Apparently I was mislead by the formal version of the Negroponte doctrine. It had less formal predecessors. The 1993 article from which I'm quoting the passage below does seem to have a certain political bias, but on the bare stats, it's probably correct:
Two years later, however, on Sept. 10, 1972, the United States employed its veto for the second time—to shield Israel.' That veto, as it turned out, signalled the start of a cynical policy to use the U.S. veto repeatedly to shield Israel from international criticism, censure and sanctions.
Before this practice stopped 18 years later, Washington used its veto 29 times to shield Israel from critical draft resolutions. This constituted nearly half of the total of 69 U.S. vetoes cast since the founding of the U.N. The Soviet Union cast 115 vetoes during the same period.
The initial 1972 veto to protect Israel was cast by George Bush in his capacity as U.S. ambassador to the world body. Ironically, it was Bush as president who stopped the use of the veto to shield Israel 18 years later. The last such veto was cast on May 31, 1990, killing a resolution approved by all 14 other council members to send a U.N. mission to study Israeli abuses of Palestinians in the occupied territories.
The rationale for casting the first veto to protect Israel was explained by Bush at the time as a new policy to combat terrorists. The draft resolution had condemned Israel's heavy air attacks against Lebanon and Syria, starting Sept. 6, the day after 11 Israeli athletes were killed at the 1972 Munich Olympic Games in an abortive Palestinian attempt to seize them as hostages to trade for Palestinians in Israeli prisons.3 Between 200 and 500 Lebanese, Syrians and Palestinians, mostly civilians, were killed in the Israeli raids.
Nonetheless, Bush complained that the resolution had failed to condemn terrorist attacks against Israel, adding: "We are implementing a new policy that is much broader than that of the question of Israel and the Jews. What is involved is the problem of terrorism, a matter that goes right to the heart of our civilized life."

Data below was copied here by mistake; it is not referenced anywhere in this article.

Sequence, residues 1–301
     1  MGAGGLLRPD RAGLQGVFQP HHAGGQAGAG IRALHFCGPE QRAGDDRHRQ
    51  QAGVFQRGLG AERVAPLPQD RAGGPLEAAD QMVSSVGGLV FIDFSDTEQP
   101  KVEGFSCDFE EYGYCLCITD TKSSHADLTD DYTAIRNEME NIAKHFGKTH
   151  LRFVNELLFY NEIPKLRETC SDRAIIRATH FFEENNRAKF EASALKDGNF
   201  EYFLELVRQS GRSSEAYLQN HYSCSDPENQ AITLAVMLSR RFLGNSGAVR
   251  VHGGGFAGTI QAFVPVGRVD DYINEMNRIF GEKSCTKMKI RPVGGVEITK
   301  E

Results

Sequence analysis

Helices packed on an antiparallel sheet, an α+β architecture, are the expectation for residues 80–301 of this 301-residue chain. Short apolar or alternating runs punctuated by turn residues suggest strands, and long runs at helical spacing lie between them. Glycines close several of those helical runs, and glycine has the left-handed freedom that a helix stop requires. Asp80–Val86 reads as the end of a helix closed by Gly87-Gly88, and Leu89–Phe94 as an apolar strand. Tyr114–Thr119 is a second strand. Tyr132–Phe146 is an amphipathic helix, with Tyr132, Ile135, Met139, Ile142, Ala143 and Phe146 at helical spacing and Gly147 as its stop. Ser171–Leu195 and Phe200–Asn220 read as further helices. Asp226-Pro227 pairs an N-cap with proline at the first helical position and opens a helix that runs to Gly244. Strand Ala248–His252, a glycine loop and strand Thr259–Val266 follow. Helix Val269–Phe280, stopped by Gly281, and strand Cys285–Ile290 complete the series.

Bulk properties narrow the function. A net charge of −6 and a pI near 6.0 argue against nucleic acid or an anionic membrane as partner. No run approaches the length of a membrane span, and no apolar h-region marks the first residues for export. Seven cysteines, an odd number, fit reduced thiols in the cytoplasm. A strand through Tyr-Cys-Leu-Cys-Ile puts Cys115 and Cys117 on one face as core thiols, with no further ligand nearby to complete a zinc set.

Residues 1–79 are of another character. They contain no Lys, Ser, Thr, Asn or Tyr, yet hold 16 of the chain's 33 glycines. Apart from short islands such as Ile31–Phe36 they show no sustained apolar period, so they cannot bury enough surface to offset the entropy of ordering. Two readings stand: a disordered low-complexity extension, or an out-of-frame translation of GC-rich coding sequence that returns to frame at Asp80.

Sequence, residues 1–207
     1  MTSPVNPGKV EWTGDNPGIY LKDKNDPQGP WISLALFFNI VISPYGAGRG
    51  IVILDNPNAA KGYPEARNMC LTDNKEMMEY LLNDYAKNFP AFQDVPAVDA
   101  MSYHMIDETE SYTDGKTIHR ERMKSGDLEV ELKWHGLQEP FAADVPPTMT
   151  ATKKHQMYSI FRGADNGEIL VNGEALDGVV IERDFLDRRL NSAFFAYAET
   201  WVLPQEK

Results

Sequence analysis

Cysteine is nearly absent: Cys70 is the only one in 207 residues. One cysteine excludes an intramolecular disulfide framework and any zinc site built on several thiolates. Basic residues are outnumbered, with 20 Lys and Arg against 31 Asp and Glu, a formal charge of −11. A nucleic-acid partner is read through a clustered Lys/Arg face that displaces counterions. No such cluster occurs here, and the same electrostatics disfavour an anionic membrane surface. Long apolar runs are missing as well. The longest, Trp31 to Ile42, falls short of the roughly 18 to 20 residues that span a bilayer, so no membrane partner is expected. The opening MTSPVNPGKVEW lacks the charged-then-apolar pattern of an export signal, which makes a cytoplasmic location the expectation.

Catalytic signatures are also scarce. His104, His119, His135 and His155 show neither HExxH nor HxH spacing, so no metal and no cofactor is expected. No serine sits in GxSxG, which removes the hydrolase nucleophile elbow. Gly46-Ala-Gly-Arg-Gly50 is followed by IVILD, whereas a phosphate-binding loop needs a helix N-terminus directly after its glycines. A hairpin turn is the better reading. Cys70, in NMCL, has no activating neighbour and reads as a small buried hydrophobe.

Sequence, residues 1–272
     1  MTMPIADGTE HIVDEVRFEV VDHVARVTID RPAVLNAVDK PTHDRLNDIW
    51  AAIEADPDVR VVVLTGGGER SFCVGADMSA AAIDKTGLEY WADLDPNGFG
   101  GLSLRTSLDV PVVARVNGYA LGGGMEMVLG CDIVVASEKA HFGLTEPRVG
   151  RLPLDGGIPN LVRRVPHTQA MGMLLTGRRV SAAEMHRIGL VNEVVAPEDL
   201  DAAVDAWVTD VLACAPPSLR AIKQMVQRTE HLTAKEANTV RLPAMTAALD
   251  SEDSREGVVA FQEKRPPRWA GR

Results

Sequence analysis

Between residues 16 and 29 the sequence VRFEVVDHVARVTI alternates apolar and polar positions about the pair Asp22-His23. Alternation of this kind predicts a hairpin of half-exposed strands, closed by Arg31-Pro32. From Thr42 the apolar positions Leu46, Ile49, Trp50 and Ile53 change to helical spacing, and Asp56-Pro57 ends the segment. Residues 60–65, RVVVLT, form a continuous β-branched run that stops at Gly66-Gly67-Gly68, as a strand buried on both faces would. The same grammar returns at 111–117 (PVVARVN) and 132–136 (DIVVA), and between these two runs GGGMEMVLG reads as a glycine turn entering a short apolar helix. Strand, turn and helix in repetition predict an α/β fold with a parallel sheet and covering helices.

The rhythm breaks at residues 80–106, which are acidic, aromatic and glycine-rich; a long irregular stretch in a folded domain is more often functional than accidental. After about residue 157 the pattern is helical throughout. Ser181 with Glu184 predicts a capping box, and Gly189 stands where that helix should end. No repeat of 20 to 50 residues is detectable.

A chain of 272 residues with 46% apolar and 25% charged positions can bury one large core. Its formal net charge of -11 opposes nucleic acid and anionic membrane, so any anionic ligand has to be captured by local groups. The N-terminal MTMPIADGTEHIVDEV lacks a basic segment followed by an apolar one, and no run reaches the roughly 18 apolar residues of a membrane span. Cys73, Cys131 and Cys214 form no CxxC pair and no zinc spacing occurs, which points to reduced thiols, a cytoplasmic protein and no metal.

Unfortunately, this "policy" proved to be only a rationale for protecting Israel from censure for violating a broad range of international laws. This became very clear when the next U.S. veto was cast a year later, on July 26, 1973. It had nothing to do with terrorism. The draft resolution affirmed the rights of the Palestinians and established provisions for Israeli withdrawal from occupied territories as embodied in previous General Assembly resolutions. Nonetheless, Washington killed this international effort to end Israel's occupation of Palestinian lands.
The Carter administration cast only one veto. But it had nothing to do with terrorism. It came on April 30, 1980, killing a draft that endorsed self-determination for the Palestinian people.
The all-time abuser of the veto was the administration of Ronald Reagan, the most pro-Israel presidency in U.S. history, with the most pro-Israel secretary of state, George Shultz, since Kissinger. The Reagan team cynically invoked the veto 18 times to protect Israel. A record six of these vetoes were cast in 1982 alone. Nine of the Reagan vetoes resulted directly from Security Council attempts to condemn Israel's 1982 invasion of Lebanon, and Israel's refusal to surrender the territory in southern Lebanon which it still occupies today. The other nine vetoes shielded Israel from council criticism for such illicit acts as the Feb. 4, 1986, skyjacking of a Libyan plane.
Still it would be interesting to know whether any other themes dominated the rest of the 40 (= 69-29) US vetoes, not related to Israel, in this time 1970-1993 frame.